Of course, “home” for Zorya is anything but. Most of the international media attention has focused on Shakhtar’s plight, but Zorya Luhansk are likewise from the conflict-ridden Donbass region and are now well into their second year of exile, playing their home matches in Zaporizhia, over 300 kilometers away.

Yury Vernydub has been the father of Zorya Luhansk's success. (OZAN KOSE/AFP/Getty Images)

Yury Vernydub has been the father of Zorya Luhansk’s success. (OZAN KOSE/AFP/Getty Images)

Despite these difficult circumstance, manager Yury Vernydub’s side continue to impress. А seventh place finish in 2013-14 – their best ever result in the independent Ukrainian league – was followed with two successive fourth place finishes. This season they took part in the group stage of the Europa League for the first time, albeit their automatic qualification was a direct result of 3rd place Dnipro’s European ban.

This year Zorya are in third, four points clear of fourth place Oleksandriya. But the club are looking up rather than down the table. Zorya have been no lower than third since matchday 3 and have spent several weeks ahead of Dynamo in second.

Zorya still has two opportunities to narrow the gap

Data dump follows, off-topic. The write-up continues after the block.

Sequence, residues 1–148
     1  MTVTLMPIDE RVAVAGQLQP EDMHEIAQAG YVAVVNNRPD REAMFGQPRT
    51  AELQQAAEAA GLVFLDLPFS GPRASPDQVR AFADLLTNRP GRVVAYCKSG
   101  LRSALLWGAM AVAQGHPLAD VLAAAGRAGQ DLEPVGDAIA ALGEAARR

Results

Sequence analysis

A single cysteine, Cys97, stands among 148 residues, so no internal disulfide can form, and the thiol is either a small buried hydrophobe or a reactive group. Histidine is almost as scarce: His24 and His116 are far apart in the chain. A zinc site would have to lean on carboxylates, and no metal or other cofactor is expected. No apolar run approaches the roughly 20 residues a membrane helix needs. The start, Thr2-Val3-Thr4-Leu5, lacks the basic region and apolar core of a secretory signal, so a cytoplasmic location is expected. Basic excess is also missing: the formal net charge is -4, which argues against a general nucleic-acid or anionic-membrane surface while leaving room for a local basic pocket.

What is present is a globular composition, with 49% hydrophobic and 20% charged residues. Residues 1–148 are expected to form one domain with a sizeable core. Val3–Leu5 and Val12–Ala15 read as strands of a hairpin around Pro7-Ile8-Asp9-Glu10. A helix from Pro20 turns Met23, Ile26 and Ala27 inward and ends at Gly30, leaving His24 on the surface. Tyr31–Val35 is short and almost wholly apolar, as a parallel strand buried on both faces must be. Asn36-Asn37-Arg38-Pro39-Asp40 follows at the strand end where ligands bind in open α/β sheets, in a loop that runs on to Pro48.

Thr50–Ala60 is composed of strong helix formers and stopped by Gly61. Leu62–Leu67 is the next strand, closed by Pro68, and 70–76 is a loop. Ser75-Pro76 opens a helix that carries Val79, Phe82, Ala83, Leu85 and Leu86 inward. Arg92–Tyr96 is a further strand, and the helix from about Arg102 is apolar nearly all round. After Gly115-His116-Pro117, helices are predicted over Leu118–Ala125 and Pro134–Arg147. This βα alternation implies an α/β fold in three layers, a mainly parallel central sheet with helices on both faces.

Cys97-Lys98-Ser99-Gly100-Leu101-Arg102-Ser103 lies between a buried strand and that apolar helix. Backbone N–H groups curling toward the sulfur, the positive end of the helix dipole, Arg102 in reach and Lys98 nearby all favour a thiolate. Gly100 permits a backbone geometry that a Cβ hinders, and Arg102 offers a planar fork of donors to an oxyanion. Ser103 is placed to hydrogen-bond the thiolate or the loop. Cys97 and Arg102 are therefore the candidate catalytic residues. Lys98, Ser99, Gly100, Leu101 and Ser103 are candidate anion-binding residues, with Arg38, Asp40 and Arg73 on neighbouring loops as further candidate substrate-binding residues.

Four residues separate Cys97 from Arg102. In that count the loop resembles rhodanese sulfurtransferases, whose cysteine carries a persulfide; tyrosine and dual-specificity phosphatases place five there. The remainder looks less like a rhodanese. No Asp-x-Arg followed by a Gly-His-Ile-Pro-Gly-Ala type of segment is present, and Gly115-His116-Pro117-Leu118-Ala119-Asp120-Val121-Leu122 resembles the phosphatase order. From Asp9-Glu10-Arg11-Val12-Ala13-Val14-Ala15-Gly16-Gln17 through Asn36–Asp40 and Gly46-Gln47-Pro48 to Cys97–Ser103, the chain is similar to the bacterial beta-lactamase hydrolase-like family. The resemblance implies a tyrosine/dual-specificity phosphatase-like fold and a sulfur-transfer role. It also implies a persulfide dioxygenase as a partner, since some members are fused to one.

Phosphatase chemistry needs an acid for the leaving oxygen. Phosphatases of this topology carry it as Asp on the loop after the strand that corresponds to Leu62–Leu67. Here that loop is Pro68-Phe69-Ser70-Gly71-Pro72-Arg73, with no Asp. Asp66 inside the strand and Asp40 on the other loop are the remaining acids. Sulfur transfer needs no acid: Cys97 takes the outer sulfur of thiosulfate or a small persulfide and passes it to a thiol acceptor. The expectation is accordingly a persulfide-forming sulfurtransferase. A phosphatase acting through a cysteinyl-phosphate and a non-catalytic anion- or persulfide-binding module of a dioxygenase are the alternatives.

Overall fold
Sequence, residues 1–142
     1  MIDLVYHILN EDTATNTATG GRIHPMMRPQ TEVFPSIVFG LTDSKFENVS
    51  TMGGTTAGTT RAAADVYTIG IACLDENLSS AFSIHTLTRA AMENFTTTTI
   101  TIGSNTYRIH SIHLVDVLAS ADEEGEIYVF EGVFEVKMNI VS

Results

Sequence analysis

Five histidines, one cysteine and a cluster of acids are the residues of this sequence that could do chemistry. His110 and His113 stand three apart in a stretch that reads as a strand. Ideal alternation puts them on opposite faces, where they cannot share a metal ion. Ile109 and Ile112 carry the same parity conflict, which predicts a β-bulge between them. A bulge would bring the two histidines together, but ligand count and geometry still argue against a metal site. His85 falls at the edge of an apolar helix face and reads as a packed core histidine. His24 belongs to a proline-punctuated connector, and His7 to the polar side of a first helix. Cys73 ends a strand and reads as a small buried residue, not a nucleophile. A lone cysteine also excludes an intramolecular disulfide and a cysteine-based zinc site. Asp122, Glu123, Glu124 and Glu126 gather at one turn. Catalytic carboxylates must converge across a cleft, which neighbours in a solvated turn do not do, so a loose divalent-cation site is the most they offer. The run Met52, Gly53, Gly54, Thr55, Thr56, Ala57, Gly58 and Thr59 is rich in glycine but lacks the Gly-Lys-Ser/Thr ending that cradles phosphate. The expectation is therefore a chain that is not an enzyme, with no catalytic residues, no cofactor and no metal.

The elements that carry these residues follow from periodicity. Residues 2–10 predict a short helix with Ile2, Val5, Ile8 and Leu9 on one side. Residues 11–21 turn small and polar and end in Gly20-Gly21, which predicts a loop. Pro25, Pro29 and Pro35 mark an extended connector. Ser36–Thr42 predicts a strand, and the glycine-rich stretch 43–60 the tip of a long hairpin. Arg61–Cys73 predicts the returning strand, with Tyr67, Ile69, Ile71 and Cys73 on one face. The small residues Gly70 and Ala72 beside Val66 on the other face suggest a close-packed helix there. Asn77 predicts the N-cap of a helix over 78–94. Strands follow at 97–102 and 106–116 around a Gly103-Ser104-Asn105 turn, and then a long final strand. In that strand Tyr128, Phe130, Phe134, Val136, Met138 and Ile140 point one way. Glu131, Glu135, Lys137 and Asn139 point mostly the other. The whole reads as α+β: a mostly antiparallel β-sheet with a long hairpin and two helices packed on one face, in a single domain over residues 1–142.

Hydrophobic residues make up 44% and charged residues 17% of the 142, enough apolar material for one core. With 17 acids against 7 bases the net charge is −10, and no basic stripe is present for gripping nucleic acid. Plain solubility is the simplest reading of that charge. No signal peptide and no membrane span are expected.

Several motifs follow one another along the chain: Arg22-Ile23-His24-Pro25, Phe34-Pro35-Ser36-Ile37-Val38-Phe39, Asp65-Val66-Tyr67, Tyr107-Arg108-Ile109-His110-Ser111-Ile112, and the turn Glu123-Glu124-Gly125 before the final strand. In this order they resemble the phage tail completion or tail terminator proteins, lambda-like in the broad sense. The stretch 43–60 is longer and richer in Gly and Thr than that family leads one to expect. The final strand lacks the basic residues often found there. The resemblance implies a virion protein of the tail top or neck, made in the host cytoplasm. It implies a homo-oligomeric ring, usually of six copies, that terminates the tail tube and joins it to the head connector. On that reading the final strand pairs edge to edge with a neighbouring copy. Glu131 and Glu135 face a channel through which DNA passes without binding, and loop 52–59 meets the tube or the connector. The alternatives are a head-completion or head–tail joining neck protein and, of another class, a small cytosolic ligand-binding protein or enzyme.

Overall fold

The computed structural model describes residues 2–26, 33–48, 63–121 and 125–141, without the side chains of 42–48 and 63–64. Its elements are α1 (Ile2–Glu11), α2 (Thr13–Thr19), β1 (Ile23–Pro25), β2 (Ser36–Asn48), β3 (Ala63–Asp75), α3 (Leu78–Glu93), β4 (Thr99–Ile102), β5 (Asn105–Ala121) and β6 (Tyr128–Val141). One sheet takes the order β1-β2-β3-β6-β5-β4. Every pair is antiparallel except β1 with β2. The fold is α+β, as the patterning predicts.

Zorya missed a golden opportunity to gain ground on Dynamo in the first match following the winter break, letting go of an early lead to lose 2-1. Nevertheless, given Dynamo’s woes, many at the club are confident that they can challenge for the silver medal. General director Serhiy Rafailov has stated that the club’s aim is not third place, but as high a position as possible. Following their 2-1 defeat to Shakhtar at the weekend, midfielder Dmytro Hrechyskhin said that “everything could still change” in the fight for second.

Curiously, Hrechyskin was not allowed to play in that match, as he is on loan from Shakhtar to Zorya. Nor were four other loaned out players. Zorya are a club of modest financial resources and to an extent rely on loanees from Shakhtar, with whom they have a close relationship.